Did you know your infant needs eye exams, too?

At the Eye Center, Inc. we’re proud to be an InfantSEE provider, thanks to Dr. Madison Easterling. InfantSEE is a public health program, managed by Optometry Cares- The AOA Foundation designed to ensure that eye and vision care becomes an essential part of infant wellness care to improve a child’s quality of life. While Dr. Easterling loves seeing patients of all ages, this program allows her to provide a comprehensive eye assessment on infants between the ages of 6-12 months FREE of charge.

During the first few years of life, babies must learn to focus their eyes and move them together as a team which lays the foundation for many important developmental milestones. Therefore, undetected vision problems can have a significant impact on infant and childhood development.

InfantSEE provides early intervention using necessary specialized equipment and procedures – which are not available as part of most vision screenings. During an InfantSEE assessment, Dr. Easterling tests for excessive or unequal amounts of nearsightedness, farsightedness, or astigmatism, eye movement ability, eye health problems, and discusses patients and family history.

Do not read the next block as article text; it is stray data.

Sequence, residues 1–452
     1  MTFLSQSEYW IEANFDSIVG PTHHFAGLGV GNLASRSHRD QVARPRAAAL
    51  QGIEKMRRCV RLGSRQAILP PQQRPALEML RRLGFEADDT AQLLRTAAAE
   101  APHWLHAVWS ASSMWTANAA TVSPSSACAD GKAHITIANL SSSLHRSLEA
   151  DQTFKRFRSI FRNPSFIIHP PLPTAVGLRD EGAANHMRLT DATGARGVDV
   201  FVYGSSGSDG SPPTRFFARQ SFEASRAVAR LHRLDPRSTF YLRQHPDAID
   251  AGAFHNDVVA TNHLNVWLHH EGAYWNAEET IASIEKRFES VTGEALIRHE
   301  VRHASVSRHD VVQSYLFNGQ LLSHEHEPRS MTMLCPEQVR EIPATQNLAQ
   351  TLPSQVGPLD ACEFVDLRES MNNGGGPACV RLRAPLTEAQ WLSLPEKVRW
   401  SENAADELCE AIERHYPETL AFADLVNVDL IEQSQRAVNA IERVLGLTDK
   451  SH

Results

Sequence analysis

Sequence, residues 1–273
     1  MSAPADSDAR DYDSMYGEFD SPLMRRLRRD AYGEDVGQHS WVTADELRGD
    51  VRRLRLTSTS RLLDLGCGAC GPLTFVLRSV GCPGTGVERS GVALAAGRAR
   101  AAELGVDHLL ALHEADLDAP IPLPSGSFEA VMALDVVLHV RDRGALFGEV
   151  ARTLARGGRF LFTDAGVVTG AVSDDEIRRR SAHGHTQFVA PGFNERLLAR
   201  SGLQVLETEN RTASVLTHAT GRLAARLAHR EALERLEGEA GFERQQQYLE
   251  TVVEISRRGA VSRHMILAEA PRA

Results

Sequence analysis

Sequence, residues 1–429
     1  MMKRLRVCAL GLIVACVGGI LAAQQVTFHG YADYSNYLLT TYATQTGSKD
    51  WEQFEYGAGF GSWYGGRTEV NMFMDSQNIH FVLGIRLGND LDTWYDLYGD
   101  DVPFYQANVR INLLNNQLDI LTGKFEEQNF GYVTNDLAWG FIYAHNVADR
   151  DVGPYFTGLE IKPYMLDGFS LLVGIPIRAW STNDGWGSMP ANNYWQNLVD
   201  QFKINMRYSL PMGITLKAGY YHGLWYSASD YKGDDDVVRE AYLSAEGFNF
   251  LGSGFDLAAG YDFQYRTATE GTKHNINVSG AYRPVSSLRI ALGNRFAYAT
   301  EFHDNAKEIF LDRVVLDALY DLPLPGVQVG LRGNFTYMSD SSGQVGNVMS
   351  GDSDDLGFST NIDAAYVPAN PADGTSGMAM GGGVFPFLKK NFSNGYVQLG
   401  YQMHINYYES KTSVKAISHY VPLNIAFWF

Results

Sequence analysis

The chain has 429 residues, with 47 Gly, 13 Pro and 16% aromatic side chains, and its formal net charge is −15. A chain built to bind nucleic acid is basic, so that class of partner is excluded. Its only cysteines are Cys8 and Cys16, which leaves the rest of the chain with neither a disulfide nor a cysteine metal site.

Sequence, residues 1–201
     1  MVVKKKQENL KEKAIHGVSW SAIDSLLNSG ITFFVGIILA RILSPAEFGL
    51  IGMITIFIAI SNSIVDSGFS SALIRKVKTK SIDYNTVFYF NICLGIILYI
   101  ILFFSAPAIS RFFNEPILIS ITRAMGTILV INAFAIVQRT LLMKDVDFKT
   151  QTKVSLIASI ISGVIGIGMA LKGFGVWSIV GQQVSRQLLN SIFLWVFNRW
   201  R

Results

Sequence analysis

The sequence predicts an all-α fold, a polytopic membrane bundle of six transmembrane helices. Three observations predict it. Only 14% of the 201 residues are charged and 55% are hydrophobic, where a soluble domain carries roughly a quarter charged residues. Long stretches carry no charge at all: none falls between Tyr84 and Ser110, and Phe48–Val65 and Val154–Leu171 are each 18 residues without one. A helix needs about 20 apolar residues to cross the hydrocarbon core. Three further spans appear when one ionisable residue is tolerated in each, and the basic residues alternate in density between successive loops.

“I love being a provider for InfantSee. It is a great screening program that allows us to diagnose vision and ocular problems before they negatively affect development,” said Dr. Easterling.

School screenings provide less than 4% of the eye tests needed to help children see and miss up to 75% of children with vision problems. Of the children found to have eye problems through screening, 61% never visit the doctor and get help. Before your child becomes of age for school, it is crucial to have their eyes examined and continue to do so through an optometrist annually. 

Healthy eyes create a healthy future. Call us today at (941) 756-2020 to schedule your infant’s appointment.